An important section of the media and public sphere is dominated by young people, less for what they say than for what is said about them. Firstly, this is an age and social group that is frequently targeted for scrutiny and diagnosis by public authorities. Secondly, it is a hyper-represented category in media and cultural industries that contributes to the formation of cultural myths and youth models. These social narratives produce an idea with two contrasting aspects. While sometimes they record a transient condition, marked by risk-taking and disruption, some other times they unveil a romanticised and optimistic vision that sees the youth as the holder of the most highly praised values in our society. In the fields of politics, leisure, sexuality, technology, youth are either diagnosed as being in a state of anomie, on the verge of the precipice, or by contrast seen as highly creative and dynamic, as engines for social transformation. The political role of the youth as builders of the future is routinely registered in several different sectors of society. Several authors have also emphasised youth as historical actors, as agents of change within a variety of spheres (Gordon, 1998). The conception of ‘youth as an agent of change’ is of special relevance for authors such as the Spanish philosopher José Ortega y Gasset (1923) or the Hungarian sociologist Karl Mannheim (1928).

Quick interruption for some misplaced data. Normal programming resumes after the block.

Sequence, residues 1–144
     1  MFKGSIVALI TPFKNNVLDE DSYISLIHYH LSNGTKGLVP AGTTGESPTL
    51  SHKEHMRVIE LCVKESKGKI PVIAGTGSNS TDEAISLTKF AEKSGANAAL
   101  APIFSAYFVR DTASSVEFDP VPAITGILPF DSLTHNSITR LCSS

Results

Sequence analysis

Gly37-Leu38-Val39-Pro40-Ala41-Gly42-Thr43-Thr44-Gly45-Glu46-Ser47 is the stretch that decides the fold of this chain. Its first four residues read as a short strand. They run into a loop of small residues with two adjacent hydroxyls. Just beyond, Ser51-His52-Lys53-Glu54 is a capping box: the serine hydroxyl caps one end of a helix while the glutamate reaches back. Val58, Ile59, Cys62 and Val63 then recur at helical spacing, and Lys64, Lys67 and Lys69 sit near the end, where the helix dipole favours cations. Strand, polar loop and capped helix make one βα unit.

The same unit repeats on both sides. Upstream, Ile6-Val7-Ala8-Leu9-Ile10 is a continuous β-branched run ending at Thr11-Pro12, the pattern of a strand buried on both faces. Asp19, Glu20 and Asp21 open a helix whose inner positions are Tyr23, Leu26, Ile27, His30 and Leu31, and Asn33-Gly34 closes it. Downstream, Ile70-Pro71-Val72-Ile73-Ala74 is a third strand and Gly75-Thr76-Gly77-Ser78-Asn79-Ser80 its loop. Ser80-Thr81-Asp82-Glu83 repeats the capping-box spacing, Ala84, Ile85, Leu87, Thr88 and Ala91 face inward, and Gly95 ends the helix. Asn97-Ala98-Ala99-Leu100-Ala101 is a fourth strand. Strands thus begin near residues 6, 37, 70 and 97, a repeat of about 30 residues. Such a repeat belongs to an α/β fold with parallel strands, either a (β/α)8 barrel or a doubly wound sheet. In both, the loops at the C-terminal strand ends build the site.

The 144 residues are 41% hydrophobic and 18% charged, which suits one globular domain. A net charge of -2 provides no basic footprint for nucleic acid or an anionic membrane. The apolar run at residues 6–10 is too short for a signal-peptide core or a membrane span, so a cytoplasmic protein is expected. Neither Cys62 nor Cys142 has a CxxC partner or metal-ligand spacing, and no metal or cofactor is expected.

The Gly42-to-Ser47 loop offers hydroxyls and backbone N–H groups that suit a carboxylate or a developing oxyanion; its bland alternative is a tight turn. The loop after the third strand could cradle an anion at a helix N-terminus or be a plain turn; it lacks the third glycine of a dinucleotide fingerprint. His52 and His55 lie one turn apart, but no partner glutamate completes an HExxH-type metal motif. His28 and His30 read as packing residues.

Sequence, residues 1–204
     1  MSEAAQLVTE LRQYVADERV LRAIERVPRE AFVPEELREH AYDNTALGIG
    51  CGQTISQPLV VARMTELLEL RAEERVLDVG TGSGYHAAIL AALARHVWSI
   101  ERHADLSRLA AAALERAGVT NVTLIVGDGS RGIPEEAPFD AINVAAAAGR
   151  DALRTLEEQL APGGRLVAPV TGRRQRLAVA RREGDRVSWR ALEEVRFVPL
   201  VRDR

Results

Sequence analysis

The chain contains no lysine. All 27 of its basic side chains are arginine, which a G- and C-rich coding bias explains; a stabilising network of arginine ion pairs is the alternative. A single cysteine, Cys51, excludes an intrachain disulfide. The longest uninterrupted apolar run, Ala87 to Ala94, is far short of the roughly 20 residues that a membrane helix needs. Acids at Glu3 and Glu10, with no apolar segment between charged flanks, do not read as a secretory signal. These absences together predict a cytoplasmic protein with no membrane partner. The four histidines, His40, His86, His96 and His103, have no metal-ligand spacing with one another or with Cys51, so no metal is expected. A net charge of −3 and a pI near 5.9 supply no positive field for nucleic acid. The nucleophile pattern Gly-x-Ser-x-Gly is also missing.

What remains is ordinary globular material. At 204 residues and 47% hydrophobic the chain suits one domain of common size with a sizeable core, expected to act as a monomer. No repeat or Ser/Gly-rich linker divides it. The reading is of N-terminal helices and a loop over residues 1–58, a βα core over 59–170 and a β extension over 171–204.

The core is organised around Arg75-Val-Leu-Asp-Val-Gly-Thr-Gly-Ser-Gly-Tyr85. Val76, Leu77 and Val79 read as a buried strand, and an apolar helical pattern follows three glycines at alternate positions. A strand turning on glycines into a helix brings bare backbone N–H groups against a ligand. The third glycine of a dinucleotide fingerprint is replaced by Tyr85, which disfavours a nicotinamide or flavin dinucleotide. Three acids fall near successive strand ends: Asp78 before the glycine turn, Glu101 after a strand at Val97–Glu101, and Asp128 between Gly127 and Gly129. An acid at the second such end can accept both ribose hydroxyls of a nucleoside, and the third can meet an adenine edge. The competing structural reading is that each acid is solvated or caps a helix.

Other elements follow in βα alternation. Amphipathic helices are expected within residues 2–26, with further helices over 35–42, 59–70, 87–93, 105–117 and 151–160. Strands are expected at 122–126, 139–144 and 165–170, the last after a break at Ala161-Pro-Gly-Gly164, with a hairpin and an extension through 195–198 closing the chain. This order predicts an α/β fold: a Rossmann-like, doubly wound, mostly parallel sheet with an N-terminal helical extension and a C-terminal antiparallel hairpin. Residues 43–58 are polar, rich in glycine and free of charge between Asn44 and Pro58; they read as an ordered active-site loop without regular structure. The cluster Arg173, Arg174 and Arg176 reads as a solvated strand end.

|Title of host publication||Exploring Ibero-American youth cultures in the 21st century|
|Subtitle of host publication||Creativity, resistance and transgression in the city|
|Editors||Ricardo Campos, Jordi Nofre|
|Place of Publication||Cham|
|Number of pages||20|
|ISBN (Print)||978-3-030-83540-8, 978-3-030-83543-9|
|Publication status||Published - 2021|